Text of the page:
In a letter to the FT, Richard Urwin extols ‘the vibrancy of the debate already under way’, as ‘coherent critiques of the orthodox view’ are being articulated by Nobel laureates such as Joseph Stiglitz and Paul Krugman and economist Martin Wolf. He adds, “Even the establishment has demonstrated some capacity to adapt: Mark Carney’s recent ruminations on globalisation would have been unlikely a decade ago”.
Colin Hines, convenor of the Green New Deal group (finance, tax, energy and environmental experts), is advocating “controls on the free movement of capital, goods and services to allow the rebuilding of national economies, and to bring an end to the damaging deification of open markets, which has bought us Trump and Brexit and maybe next year a President Le Pen”.
Colin was the co-ordinator of Greenpeace International’s Economics Unit having worked for the organisation for 10 years. Earlier he worked in the environmental movement on the issues of population, food, new technology and unemployment, nuclear proliferation. More recently he has focused on the adverse environmental and social effects of international trade and the need to solve these problems by replacing globalisation with localization.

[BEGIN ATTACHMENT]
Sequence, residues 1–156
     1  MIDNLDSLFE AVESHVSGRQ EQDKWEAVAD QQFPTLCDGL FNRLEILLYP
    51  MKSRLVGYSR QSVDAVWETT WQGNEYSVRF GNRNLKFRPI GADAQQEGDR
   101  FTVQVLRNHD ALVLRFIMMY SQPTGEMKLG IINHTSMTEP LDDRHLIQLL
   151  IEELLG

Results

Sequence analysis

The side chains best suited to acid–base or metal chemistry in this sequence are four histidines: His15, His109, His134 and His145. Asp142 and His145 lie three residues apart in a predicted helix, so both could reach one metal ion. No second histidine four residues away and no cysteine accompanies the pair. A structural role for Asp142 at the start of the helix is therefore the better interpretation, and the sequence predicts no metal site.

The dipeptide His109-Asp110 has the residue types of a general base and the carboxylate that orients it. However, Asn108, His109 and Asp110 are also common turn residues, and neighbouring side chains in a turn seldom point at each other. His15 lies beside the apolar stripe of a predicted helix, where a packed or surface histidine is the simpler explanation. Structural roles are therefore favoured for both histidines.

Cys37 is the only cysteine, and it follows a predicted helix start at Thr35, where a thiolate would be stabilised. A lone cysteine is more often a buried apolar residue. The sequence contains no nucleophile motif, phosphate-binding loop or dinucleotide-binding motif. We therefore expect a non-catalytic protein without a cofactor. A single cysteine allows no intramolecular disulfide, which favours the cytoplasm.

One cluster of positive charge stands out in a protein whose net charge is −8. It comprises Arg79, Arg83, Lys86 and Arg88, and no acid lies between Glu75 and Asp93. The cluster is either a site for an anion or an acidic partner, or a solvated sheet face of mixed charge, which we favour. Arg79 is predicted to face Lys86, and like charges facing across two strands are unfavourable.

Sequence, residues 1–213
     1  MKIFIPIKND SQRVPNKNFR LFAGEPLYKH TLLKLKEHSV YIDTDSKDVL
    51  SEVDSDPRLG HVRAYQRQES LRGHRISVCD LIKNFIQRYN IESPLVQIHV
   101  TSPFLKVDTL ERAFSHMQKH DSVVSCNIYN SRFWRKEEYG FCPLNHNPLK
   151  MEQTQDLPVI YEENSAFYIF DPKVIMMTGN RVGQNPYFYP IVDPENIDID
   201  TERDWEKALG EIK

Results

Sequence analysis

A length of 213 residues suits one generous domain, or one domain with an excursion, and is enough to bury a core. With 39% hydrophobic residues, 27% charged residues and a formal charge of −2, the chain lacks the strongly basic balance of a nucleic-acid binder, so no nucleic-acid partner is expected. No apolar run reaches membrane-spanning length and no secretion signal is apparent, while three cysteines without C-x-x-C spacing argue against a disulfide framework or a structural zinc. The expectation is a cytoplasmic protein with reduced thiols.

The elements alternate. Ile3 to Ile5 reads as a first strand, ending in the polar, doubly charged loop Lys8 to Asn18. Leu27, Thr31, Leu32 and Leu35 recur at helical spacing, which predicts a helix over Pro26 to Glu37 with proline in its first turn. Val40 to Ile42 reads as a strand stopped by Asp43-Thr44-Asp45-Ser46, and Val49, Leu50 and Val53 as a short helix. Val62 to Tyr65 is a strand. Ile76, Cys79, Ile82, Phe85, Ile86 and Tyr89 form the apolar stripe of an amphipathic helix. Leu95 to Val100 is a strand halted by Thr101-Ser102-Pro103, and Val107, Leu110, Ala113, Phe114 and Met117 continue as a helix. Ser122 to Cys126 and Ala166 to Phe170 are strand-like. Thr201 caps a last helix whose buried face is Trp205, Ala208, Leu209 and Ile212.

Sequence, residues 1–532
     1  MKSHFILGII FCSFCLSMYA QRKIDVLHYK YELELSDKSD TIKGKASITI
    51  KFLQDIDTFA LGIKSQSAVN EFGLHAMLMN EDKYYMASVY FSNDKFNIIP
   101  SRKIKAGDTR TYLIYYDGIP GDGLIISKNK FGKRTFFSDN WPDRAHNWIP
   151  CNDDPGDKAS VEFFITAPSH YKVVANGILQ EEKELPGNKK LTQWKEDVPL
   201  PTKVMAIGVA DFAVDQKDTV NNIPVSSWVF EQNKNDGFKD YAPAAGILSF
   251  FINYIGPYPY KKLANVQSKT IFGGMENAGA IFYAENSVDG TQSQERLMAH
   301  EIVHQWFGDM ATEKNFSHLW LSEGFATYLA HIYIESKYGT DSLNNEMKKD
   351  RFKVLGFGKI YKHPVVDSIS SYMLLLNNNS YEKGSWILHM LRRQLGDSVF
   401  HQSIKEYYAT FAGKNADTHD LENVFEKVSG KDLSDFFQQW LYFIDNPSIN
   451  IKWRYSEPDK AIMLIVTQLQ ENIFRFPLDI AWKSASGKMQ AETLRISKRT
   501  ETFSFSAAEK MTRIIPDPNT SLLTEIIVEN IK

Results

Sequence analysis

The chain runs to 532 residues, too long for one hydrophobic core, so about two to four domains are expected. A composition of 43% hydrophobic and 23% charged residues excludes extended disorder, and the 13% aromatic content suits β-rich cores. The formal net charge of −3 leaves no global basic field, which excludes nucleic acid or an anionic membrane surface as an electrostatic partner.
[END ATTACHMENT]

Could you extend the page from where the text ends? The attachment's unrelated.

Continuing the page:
His widely cited book Localization- A Global Manifesto, is unique in setting out the international political agreement, trade treaties and regulations needed to foster and protect local self-sufficiency.
Localization, he believes, would ensure that all goods, finance and services that can reasonably be provided locally should be. Depending on the context, the ‘local’ is predominantly defined as part of the nation state, although it could refer to the nation state itself or a regional grouping of nation states.
In his forthcoming ‘Progressive Protectionism’ Hines details why ever more open borders are increasing inequality, reducing economic activity and threatening the environment. It explains how countries could rebuild and rediversify their economies by limiting what finance, goods and people they allow to enter their borders, and in the process wean themselves off export dependence. Domestic businesses and funding sources would then meet the needs of the majority in society in all countries. The prospect of such increasing economic security for the majority could gain widespread political support ranging from those on the left, the centre, the greens through to small ‘c’ conservatives.
Next post: Shaun Chamberlin, of the Fleming Policy Centre, Chelsea Green’s UK/Europe commissioning editor, responds to Hines by emailing: ‘Amen . . .’